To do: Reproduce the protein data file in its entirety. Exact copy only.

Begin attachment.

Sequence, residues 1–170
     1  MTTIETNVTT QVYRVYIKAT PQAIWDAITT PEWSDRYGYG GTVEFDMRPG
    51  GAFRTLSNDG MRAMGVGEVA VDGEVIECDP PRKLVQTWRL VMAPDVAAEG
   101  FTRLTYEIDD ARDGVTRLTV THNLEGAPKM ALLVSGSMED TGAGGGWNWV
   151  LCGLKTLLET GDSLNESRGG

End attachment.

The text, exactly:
Sequence, residues 1–170
     1  MTTIETNVTT QVYRVYIKAT PQAIWDAITT PEWSDRYGYG GTVEFDMRPG
    51  GAFRTLSNDG MRAMGVGEVA VDGEVIECDP PRKLVQTWRL VMAPDVAAEG
   101  FTRLTYEIDD ARDGVTRLTV THNLEGAPKM ALLVSGSMED TGAGGGWNWV
   151  LCGLKTLLET GDSLNESRGG